We just looked at each other with surprise. Our whole afternoon was spent there. Then, finally, the barrier was opened for us to enter the camp.

I had no picture in my mind of Greece. We’d heard stories, and I knew it was going to be difficult, still no expectation or image of what a refugee camp would look like in Europe. I knew it would be hard, but not to this extent. I was very wrong in thinking all our hardships would end once we arrived in Greece. In our second try the distance seemed shorter somehow. In the end we were caught by the Greek Coast Guard. They took the small engine and the gas for our small rubber boat and pushed us back toward Turkey. But luckily a humanitarian team came to rescue us and they took us to a big tent. We received dry clothes, hot tea, and something to eat. We were so happy. We had finally succeeded, and most importantly, somehow we were all safe and alive.

After we arrived they directed us to an open area surrounded by containers, fenced off, quarantined from everyone else. We waited for many hours and were interviewed by personnel there, and registered as asylum seekers in the camp. While we waited we saw people gathering along a fence, a connection with the world inside the camp. Lots of people were just outside, checking the number of new arrivals, looking for acquaintances, friends or family, but others were just looking for a familiar word. We also met our friends and companions from the Turkish dormitory. It was really weird and somehow funny to see and be seen through the fences, it was like a meeting for prisoners.

I was still excited about the world out there. I do not remember what my imagination of the world beyond the fence was exactly in that moment, or what they were thinking about. We just looked at each other with surprise. Our whole afternoon was spent there. Then, finally, the barrier was opened for us to enter the camp. We received some blankets and things for our future tent homes, and were sent on our way. But just as we took our first step out, a sudden horrible fight erupted between two guys. We retreated back inside, horrified, as one man stabbed the other. The wounded man was eventually taken to the hospital. We heard later that he died.

In those early days we were bombarded by the stories and experiences – the fights, the fires, the food lines, the number of months stuck waiting. I was terrified.

We crossed the blood shed on the ground, set foot inside the camp. We arrived in Moria. All of us were shocked by the huge number of people moving around, and by the welcome slogan used by the people “Welcome to Moria Hell.” In those early days we were bombarded by the stories and experiences – the fights, the fires, the food lines, the number of months stuck waiting. I was terrified.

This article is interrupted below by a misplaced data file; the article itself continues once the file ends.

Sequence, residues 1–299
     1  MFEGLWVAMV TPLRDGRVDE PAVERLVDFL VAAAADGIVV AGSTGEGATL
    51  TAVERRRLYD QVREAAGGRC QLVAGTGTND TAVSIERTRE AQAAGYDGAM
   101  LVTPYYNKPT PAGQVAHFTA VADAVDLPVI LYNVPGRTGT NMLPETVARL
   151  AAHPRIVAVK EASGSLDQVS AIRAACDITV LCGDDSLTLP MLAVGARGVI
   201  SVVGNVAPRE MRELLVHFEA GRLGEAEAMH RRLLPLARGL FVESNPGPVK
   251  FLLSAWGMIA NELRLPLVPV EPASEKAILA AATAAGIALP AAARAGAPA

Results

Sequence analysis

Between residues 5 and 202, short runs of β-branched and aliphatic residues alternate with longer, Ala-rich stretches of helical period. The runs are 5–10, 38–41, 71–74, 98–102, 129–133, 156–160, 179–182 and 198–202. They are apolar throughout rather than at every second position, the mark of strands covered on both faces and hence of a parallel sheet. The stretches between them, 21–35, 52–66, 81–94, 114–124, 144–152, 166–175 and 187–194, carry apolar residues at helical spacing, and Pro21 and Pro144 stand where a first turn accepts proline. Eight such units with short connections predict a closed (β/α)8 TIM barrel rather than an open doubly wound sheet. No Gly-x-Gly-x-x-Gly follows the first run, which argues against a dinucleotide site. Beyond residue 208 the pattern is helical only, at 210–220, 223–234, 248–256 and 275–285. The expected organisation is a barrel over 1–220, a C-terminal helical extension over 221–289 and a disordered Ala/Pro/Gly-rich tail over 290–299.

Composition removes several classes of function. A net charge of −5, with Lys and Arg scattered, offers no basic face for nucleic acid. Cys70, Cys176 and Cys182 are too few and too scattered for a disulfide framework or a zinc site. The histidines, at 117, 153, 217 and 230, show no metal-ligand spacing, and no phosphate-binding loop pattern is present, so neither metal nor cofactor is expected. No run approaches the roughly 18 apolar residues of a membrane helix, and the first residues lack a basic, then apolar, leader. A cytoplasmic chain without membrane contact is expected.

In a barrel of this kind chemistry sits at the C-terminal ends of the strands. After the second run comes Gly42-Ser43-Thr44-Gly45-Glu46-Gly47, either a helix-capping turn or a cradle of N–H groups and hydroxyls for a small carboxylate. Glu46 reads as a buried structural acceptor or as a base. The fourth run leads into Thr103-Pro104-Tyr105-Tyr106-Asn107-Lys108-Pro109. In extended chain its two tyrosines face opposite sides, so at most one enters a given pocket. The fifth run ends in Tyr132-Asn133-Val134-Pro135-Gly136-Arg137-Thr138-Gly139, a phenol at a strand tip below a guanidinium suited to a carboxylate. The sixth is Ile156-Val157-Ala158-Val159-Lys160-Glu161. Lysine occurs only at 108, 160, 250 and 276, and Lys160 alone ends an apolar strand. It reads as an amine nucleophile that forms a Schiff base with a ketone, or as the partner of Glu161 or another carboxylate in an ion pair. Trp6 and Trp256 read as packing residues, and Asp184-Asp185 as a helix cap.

It was late evening and it was getting dark. The NGOs weren’t working at that hour to give us a place for shelter. We spent that night cramped in a container given to us by a friend. The rest of the new arrivals had to sleep that night in the cold, between the crowds, the drunks, the war on the streets of Moria.

Many things were clear and needless to say. I had no idea what to do or how to live there. I started to live in a container, which seemed better than the tents in the jungle. But the neighbors described how they were quick to catch fire and burn even faster than you could have time to run. In those first nights I was afraid of sleeping, always looked at the frame, drew an escape plan in my head, of how and from where we should flee when the fires came.

Sensitive to the slightest sound, I expected anything could happen. Life in the camp forces you to always be on full alert, stressed and anxious. Even if you live just with your family, you always need the time to be alone with yourself, have some privacy. But in Moria you share your place with many other families separated only by a curtain or a thin wall. You can’t help it, inadvertently you become involved in other people’s life problems too. The loud noises, forced to tolerate people whose lifestyles and thoughts are different from yours. All this makes you a nervous, aggressive, bored and impatient person who no longer even has the patience for their own. I remember after we settled down in the camp, I never went to see the newly arrived people from behind the fence, because I did not see anything interesting or fun in it. This arrival experience was enough to understand the depth of the catastrophe we were entering. 

After two weeks of living in Moria I was directed by a friend to a local support center. We walked 40 minutes to get there, but it was the best possible place for anyone who hasn’t seen a safe haven, recently. Hundreds of people, lots of joy, color, and respect. It was unique because it had been made over time with lots of love by a variety of talented people, and offered activities for people of every age and gender. The classes there were the best option to make up for the total lack of school for everyone.